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John Hackett: Out of lockdown comes his first solo Rock album, 'The Piper Plays His Tune'

Out Now - JOHN HACKETT: The Piper Plays His Tune Hacktrax HTRX012

Singer-songwriter John Hackett, best known in the world of progressive music for his stunning flute playing, produces a rock album recorded alone while under lockdown.

John Hackett has had an unusual career in music. He started out as a twelve-year-old guitarist with a passion for twelve bar blues. But it was after seeing the original King Crimson line-up in 1969 that he took up the flute and went on to have a career in classical music. Alongside this he joined his brother Steve Hackett’s band just as he was leaving Genesis and toured mostly in Europe and the U.S.A. playing flute, guitar and bass pedals. He has appeared on many of Steve’s recordings from 1975 to the present day.

Since 2005 he has released a number of well received progressive rock albums, mostly on Cherry Red Records. This has included a double album with his own John Hackett Band where he has developed his skills as a multi-instrumentalist, taking on the role of lead vocals, flute, keyboards and guitar.

The current pandemic was the catalyst for John to follow in the steps of some well-known luminaries and make the most of his skills by recording an album alone as he explains:

“I was lying in bed one morning at the start of the corona virus lockdown listening to Tony Blackburn’s radio show featuring great music from the Sixties (Elvis, the Hollies, the Drifters –you get the picture), when a name leapt out at me. I had been listening to a song by Helen Shapiro called ‘Don’t Treat Me Like a Child’. It was a bit of fun and although it was recorded when she was only fourteen years old, it showed what a great voice she had. Then TB said it was co-written by a certain John Schroeder.

This took me back to the first time I had ever been paid for playing music. It was a recording session for the band Quiet World at Pye studios in 1970. They had very kindly invited me to join them (my brother Steve was on lead guitar) to play a bit of rhythm guitar on a song called Jemima. I have never forgotten that great feeling when as a fifteen year old, I was handed the princely sum of eight pounds for my first recording session by the producer, a guy called John Schroeder, who I knew had had a hit with a piece called ‘Cast Your Fate to the Wind’.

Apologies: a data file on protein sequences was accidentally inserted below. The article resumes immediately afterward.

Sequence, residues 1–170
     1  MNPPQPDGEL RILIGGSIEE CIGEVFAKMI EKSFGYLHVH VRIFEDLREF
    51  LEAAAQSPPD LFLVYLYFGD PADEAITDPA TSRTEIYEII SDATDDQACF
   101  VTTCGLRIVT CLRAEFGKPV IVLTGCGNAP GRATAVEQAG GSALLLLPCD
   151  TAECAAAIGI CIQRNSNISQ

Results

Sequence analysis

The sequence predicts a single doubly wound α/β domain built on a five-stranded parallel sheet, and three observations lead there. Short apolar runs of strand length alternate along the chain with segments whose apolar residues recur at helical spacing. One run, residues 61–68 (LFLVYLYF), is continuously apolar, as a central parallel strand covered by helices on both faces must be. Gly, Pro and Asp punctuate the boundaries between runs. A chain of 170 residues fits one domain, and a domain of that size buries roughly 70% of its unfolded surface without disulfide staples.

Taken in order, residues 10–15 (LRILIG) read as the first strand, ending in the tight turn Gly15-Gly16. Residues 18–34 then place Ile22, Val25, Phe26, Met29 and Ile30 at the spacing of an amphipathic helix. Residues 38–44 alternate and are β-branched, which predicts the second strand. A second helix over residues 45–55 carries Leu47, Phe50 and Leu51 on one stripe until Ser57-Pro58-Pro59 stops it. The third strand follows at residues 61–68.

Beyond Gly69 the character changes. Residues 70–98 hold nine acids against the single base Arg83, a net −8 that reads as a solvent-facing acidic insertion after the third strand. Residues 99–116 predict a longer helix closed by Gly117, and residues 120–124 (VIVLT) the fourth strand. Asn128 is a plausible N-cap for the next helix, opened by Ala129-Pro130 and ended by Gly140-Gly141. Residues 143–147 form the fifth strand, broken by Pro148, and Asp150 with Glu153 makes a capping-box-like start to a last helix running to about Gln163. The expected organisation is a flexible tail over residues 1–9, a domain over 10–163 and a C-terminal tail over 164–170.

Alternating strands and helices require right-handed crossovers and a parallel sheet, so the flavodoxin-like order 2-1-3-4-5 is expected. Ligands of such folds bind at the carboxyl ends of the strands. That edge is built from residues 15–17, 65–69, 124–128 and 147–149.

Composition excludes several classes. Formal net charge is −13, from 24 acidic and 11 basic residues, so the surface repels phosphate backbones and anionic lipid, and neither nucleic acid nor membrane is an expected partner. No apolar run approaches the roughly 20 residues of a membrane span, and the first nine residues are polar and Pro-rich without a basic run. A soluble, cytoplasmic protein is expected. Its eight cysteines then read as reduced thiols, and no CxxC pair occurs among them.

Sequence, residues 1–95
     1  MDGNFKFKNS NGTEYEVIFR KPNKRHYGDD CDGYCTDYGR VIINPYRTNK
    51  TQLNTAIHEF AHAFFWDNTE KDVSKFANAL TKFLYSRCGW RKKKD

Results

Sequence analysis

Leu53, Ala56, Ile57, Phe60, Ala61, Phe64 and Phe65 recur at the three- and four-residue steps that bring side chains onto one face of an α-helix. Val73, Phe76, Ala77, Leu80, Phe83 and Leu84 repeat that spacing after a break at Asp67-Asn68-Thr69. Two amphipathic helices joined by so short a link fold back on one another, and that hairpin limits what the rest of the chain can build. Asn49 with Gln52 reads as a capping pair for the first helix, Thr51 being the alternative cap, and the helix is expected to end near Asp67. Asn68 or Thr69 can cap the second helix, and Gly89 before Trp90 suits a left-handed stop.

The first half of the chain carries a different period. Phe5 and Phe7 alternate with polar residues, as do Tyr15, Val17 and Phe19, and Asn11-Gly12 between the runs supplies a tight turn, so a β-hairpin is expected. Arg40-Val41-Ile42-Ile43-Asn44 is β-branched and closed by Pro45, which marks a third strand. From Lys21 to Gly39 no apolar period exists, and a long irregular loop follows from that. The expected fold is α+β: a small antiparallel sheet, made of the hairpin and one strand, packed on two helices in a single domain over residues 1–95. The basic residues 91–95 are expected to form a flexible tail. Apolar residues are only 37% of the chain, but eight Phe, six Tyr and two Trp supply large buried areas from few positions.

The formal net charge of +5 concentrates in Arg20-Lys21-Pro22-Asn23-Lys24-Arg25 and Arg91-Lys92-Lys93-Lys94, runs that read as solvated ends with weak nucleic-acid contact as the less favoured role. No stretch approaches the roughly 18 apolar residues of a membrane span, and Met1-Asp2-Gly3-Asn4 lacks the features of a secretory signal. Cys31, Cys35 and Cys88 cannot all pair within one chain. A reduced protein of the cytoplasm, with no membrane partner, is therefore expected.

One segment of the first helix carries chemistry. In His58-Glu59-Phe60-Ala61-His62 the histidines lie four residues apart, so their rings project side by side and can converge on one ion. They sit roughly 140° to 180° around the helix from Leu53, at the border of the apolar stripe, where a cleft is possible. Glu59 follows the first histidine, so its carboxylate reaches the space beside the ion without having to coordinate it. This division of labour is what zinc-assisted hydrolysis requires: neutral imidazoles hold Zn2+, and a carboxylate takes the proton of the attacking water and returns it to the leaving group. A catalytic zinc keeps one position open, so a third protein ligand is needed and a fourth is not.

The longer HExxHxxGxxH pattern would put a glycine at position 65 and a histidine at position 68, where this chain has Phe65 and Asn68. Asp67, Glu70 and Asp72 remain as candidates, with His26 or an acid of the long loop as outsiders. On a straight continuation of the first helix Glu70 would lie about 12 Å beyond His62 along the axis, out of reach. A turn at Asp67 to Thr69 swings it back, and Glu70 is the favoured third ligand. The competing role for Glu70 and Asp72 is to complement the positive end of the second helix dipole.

This whole sequence of memories reminded me of how much I loved songs, not just the majestic tracks by the giants of prog but also pop songs, Motown especially and all kinds of stuff (and yes, of course, Abba…). I had in the can a whole bunch of songs I had written over the years that I thought were never going to make it onto an album and so would probably never see the light of day. Plus I had some new material I had started working on in early 2020 before the world was turned upside down.

So John decided then and there that, as it was at that time impossible to record a studio album with his own band due to lockdown, he would work on a completely home-produced project where he would write, sing and play all the parts himself.

“If you pick up this album expecting to hear twenty minute epics with gargantuan solos and constant changes of time signature then please put it quietly down right now and retreat to a safe distance. There are some strong prog influences, of course. And yes, if I am honest, I still practise the music of JS Bach most days. But if in these dark times, there is a bit of space for something a little lighter then please sit back and enjoy this musical offering which promises nothing more than the vague possibility of entertaining you for a short time…

Having been reliant on experts for engineering and production skills my whole life, it was a challenge to put something together entirely myself. I could not have done it without the help of several people who I cannot thank enough.

And to all those who have supported me in any way over the years, a huge Thank You! Let’s hope it won’t be too long before we are all back to the familiar roar of the grease paint and the smell of the crowd”.

John Hackett Sheffield October 2020



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